What is China’s relationship with Russia, and with Ukraine?

Russian President Vladimir Putin, left, in Samarkand, Uzbekistan, in September; and Chinese President Xi Jinping in Beijing in 2019. (Sergei Bobylev; Noel Celis/Pool/AP)
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Chinese leader Xi Jinping is set to travel to Russia on Monday to meet with his Russian counterpart, Vladimir Putin.

The visit, set to last through Wednesday, will attract close scrutiny in Western capitals intent on discerning developments in the increasingly warm relationship between the two countries, both of which are nuclear-armed, permanent members of the U.N. Security Council.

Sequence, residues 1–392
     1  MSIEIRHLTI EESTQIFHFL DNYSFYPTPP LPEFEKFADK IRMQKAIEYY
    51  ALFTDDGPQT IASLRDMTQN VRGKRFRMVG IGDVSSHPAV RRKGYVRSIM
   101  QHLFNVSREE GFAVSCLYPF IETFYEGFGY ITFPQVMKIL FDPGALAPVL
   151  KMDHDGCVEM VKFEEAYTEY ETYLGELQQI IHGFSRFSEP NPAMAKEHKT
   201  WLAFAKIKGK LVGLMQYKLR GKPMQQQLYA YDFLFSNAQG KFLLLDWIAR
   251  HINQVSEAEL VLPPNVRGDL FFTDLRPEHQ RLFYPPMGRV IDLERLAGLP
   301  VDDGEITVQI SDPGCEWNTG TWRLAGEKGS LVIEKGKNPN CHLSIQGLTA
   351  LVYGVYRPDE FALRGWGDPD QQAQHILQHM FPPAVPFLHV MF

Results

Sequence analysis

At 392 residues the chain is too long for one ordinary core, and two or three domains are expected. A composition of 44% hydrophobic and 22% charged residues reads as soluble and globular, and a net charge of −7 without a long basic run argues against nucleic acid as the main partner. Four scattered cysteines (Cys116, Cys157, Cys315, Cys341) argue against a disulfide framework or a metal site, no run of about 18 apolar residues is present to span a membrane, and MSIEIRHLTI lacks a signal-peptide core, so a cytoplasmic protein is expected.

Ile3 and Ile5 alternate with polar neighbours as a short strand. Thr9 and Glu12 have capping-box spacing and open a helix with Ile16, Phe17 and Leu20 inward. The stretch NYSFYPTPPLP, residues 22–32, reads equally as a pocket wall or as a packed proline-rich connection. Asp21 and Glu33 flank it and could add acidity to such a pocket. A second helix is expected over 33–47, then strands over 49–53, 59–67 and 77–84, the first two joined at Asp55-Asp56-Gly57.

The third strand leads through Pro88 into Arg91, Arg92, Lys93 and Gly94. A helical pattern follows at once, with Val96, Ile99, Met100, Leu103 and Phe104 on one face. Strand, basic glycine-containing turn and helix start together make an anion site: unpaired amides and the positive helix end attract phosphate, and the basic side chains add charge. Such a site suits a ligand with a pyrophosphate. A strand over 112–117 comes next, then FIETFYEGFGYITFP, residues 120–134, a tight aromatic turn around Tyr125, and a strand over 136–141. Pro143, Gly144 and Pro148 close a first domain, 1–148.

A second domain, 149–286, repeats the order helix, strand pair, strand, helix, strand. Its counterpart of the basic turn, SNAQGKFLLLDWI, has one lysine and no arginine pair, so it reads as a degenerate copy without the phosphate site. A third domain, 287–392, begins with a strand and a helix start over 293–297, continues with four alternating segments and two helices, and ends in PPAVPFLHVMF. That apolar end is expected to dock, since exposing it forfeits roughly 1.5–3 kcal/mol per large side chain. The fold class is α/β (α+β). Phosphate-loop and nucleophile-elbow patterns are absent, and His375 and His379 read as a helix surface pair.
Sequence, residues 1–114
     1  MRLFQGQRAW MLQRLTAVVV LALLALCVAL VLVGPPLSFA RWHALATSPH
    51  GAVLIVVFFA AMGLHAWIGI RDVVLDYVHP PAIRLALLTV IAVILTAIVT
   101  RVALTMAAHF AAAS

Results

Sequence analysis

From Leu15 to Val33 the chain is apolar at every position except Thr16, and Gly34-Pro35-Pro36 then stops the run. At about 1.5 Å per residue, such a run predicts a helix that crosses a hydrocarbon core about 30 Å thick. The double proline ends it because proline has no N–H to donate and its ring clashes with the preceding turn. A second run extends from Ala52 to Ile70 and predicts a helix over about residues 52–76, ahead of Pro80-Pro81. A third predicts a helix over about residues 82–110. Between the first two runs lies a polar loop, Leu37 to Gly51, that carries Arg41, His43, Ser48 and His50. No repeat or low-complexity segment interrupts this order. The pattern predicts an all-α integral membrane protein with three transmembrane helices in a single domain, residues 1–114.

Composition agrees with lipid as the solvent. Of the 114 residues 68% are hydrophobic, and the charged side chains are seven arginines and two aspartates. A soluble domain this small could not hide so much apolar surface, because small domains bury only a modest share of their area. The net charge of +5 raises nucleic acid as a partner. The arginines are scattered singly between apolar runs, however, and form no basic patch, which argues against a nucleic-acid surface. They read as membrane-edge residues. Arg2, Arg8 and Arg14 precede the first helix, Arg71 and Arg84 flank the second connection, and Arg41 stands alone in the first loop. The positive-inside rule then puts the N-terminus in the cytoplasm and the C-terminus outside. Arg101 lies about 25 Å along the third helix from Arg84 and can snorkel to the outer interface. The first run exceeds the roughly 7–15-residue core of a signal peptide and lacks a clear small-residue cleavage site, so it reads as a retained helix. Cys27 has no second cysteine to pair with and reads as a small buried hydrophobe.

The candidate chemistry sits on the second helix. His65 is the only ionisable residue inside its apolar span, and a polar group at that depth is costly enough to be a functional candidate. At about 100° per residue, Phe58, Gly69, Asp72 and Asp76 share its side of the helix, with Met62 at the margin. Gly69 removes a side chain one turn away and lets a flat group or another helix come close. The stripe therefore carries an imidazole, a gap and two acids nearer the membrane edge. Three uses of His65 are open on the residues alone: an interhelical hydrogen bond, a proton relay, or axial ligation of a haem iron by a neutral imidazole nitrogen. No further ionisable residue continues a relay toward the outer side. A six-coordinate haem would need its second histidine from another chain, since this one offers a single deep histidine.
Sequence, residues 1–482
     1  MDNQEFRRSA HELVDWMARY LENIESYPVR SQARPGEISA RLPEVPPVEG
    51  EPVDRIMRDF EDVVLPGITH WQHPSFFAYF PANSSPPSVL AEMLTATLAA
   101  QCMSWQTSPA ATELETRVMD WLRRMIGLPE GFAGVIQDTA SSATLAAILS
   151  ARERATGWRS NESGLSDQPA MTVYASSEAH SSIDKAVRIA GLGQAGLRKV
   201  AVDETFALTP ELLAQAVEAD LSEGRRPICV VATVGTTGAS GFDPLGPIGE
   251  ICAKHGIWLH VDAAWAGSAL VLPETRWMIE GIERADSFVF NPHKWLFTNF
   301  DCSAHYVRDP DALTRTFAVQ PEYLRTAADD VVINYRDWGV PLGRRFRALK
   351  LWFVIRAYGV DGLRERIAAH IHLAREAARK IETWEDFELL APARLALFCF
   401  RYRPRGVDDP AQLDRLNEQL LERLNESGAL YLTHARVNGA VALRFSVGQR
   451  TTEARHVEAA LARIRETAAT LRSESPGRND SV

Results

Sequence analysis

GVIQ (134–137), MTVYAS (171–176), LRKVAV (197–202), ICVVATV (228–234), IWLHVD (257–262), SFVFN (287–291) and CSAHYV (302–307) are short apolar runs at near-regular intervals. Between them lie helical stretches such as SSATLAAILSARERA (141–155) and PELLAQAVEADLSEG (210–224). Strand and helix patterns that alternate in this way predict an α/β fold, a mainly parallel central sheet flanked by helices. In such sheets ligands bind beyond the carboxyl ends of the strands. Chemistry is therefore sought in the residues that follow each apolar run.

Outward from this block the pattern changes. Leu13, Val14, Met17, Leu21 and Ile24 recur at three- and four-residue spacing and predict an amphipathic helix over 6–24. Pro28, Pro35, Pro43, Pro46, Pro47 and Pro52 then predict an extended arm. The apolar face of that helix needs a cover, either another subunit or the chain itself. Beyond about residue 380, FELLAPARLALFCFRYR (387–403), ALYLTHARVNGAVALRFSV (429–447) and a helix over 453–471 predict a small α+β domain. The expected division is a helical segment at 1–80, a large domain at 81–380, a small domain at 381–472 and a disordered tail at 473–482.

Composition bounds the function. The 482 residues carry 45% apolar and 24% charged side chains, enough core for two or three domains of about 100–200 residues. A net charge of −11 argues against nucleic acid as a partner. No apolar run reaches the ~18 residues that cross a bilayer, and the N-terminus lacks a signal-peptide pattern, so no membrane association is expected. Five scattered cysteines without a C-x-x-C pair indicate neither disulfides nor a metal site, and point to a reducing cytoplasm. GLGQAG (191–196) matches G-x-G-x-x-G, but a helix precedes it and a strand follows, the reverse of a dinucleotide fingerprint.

More than a year into Russia’s invasion of Ukraine, Putin is a pariah at most international meetings and has relatively few powerful allies abroad.

China has not endorsed Russia’s war on Ukraine and has promoted a 12-point proposal for ending it. But Beijing has stopped far short of condemning Russia’s aggression, and the visit is likely to be interpreted in some corners as a tacit endorsement of Russia’s actions.

The two countries are increasingly aligned in a shared animosity toward the United States and its allies, although the U.S. and Chinese economies, which far outpace Russia’s, remain economically intertwined. Some analysts have compared Beijing’s views on Taiwan as comparable to Russia’s on Ukraine.